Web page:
The answer to such a question mines the depths of what a person expects and confesses about the pastoral office, and what it means to be on the receiving end of such care. Competing thoughts swirl around a person when attempting to answer such questions. There is the thought that if one just learns enough facts about the Bible, or learns enough about the moral life within the Bible and so lives it, or receives “sage” advice from his shepherd, that one will have what they need to unlock the heavenly mansions prepared for them before the foundation of the world. There is the thought that it is sufficient or even more applicable to 21st century life to stay at home with one’s Bible and forsake the presence of Christ in the flesh in His gathered church.

There are those who search the scriptures, because they think that in them they have eternal life. But like the scribes and the Pharisees, they don’t find it. This is because they read the scriptures with hardened minds. “Yes, to this day whenever Moses is read a veil lies over their hearts. But when one turns to the Lord, the veil is removed” so wrote St. Paul to the church at Corinth [2nd Corinthians 2:14-16]. This is what Epiphany declares to us still this day. When the light of God’s love broke the darkness of our hardened hearts, Christ the Son of God, came into the flesh making our corrupted flesh, a new flesh, a flesh that though it will die yet shall live. This baby born in Bethlehem was a real live baby boy; He is very God of very God. He is not some phantom or ghost. He is flesh of our flesh, bone of our bone. He is a light to lighten the Gentiles and the glory of Thy people Israel. 

This gathering in of the Gentiles, the Wise Men from the East, was foretold by the prophet Isaiah. Speaking of the light to come as being the light of Israel, Isaiah says, “Arise, shine, for your light has come, and the glory of the Lord has risen upon you” [Isaiah 60:1]. It was Israel’s light, and it was to arise in Israel. But then the prophet goes on to say that the Gentiles would also come to this light; for addressing Israel he says, “Nations [Gentiles] shall come to your light and kings to the brightness of your rising. Lift up your eyes all around, and see; they all gather together, they come to you; our sons shall come from afar, and your daughters shall be carried on the hip” [Isaiah 60:3-4]. More specifically to the including of the Gentile nations, Isaiah foretells the coming of the Wise Men and their precious gifts and praises to the Christ-child. “The multitude of camels shall cover you, the young camels of Midian and Ephah; all those from Sheba shall come. They shall bring gold and frankincense and shall bring good news, the praises of the Lord [Isaiah 60:6]. The Wise Men came. They came to worship Him in faith and in truth, falling upon their knees and rejoicing over this salvific divine gift who is, Wonderful Counselor, Mighty God, Everlasting Father, Prince of Peace” [Isaiah 9:6].  

They came from the East, and the East was not without its Old Testament witness. When Jerusalem was destroyed and the Jews were dispersed in the Babylonian captivity, Old Testament promises were also dispersed in the East. Six hundred years before the Wise Men set foot in the house of the Christ-child, Daniel had served in Babylon as governor of all the wise men [Daniel 2:48]. And Daniel worshipped the true God who promised the coming Messiah.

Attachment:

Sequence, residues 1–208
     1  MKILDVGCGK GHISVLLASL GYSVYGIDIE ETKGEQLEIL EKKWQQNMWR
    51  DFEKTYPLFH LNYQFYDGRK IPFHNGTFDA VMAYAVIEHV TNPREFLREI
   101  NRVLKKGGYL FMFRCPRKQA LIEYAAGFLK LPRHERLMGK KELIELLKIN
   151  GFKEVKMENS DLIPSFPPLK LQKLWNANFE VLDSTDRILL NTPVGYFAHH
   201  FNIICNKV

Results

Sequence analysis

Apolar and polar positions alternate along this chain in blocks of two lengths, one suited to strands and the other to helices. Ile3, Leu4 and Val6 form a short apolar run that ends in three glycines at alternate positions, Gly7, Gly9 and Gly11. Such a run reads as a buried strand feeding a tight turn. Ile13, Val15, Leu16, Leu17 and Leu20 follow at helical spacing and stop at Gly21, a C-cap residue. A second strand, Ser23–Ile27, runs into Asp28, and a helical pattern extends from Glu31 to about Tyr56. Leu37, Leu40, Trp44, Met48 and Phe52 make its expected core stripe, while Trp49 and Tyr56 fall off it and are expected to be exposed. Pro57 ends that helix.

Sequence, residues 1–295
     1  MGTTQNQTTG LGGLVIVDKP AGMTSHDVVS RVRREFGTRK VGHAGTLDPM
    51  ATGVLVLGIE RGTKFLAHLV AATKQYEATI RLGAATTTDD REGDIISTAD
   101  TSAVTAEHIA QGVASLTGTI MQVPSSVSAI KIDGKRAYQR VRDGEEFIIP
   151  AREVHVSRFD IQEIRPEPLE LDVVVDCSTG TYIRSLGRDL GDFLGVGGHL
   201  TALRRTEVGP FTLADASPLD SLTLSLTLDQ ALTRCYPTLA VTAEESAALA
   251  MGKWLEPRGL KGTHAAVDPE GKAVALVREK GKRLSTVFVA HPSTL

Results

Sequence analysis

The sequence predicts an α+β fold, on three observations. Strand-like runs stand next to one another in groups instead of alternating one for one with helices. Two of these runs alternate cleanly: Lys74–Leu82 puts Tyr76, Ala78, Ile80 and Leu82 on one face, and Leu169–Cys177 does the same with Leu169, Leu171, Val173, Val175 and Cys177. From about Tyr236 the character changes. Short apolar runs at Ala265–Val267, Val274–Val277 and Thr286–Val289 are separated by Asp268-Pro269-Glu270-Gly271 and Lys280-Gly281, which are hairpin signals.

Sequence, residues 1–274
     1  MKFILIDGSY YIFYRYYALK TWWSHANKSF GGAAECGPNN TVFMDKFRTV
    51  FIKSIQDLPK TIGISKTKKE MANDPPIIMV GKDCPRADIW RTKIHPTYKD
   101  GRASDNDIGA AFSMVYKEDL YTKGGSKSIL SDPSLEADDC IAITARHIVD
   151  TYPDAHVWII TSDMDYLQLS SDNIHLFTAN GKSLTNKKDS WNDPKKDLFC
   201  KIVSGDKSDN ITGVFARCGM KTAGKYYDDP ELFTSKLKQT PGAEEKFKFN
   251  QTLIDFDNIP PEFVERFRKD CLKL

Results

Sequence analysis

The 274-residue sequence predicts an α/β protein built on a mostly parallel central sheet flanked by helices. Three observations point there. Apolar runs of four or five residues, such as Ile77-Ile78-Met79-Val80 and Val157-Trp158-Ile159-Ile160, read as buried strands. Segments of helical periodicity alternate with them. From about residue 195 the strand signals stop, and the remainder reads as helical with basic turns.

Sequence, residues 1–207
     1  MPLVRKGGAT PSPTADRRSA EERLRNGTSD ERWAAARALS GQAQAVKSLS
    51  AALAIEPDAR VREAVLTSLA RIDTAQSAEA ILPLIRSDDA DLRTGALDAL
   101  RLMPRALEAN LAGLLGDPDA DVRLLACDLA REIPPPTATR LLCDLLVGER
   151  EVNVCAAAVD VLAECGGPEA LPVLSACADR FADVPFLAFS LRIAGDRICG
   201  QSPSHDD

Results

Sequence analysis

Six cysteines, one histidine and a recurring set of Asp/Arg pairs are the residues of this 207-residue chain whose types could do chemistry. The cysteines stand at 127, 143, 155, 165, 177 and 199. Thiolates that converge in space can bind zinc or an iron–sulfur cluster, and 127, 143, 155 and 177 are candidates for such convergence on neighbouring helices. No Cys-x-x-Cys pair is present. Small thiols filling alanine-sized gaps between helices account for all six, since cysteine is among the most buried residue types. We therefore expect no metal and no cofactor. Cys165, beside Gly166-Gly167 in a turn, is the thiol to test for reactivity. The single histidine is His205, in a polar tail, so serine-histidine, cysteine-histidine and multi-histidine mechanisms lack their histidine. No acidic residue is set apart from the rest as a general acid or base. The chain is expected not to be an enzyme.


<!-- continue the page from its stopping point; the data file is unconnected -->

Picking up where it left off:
The Wise Men came. They were spurred on in part by what they heard from the prophecy, for they were seeking a child who was the King of the Jews. The star alone did not tell them His title. But the star, His star, was revealed to them in the East. The text indicates that is was no longer visible when they ended their travels in Jerusalem. They were expecting to find a newly born king in royal Jerusalem. Yet the Bible gave a different and unexpected Word. This king was not in the seat of power called Jerusalem. Rather, and according to Micah’s prophecy, small and puny Bethlehem was the place where God was present in human flesh, present in a child whose “origin is from old, from ancient of days” [Micah 5:2]. 

Outwardly they saw only a humble dwelling place and a young mother with her small child. The wealth and show of Herod’s court was not rivaled here. Yet with trusting faith they refused to be turned away by human reason. Following the word of the prophets and the witness of the bright shining star, they fell on their keens and worshiped Him. They opened their treasures to Him. And that was the wisdom of the Wise Men, worshiping God in the flesh.

There search is over, for they have come to Him who is the Star of Mercy, the true light which enlightens every man. These Wise Men come to the One who is the very Wisdom of God in human flesh, the One who is greater than Solomon, the One who is not only King of the Jews, but King of Kings and Lord of Lords. The kingdoms of men will lie in the dust of history, but of the kingdom of this Christ-child there will be no end. His kingdom will be established by His death on the cross through the preaching of that cross. He will draw to Himself a kingdom of priests to glorify Him forever.    

Epiphany continues among us here this night, and every night, for God makes His mercy manifest in the preaching of His Gospel, the Gospel which declares to us that we have a Savior who has died our death on the cross and has been raised from the dead to live and reign as our King. He is the Light of the world, the light which no darkness can overcome. He is the Light which you, saints in time, and yes, saints in eternity declare, “And the night will be no more. They will need no light of lamp or sun, for the Lord God will be their light, and they will reign forever and ever” [Revelation 22:5].

In the heavenly country bright Need they no created light;

Thou its light, its joy, its crown, Thou its sun which goes not down; 

There forever may we sing Alleluias to our King [v.5]

In the Name of the Father and of the Son and of the Holy Spirit. Amen.